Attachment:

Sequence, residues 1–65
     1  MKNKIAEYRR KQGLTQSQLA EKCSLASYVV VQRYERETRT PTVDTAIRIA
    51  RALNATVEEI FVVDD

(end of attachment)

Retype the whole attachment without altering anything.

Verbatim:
Sequence, residues 1–65
     1  MKNKIAEYRR KQGLTQSQLA EKCSLASYVV VQRYERETRT PTVDTAIRIA
    51  RALNATVEEI FVVDD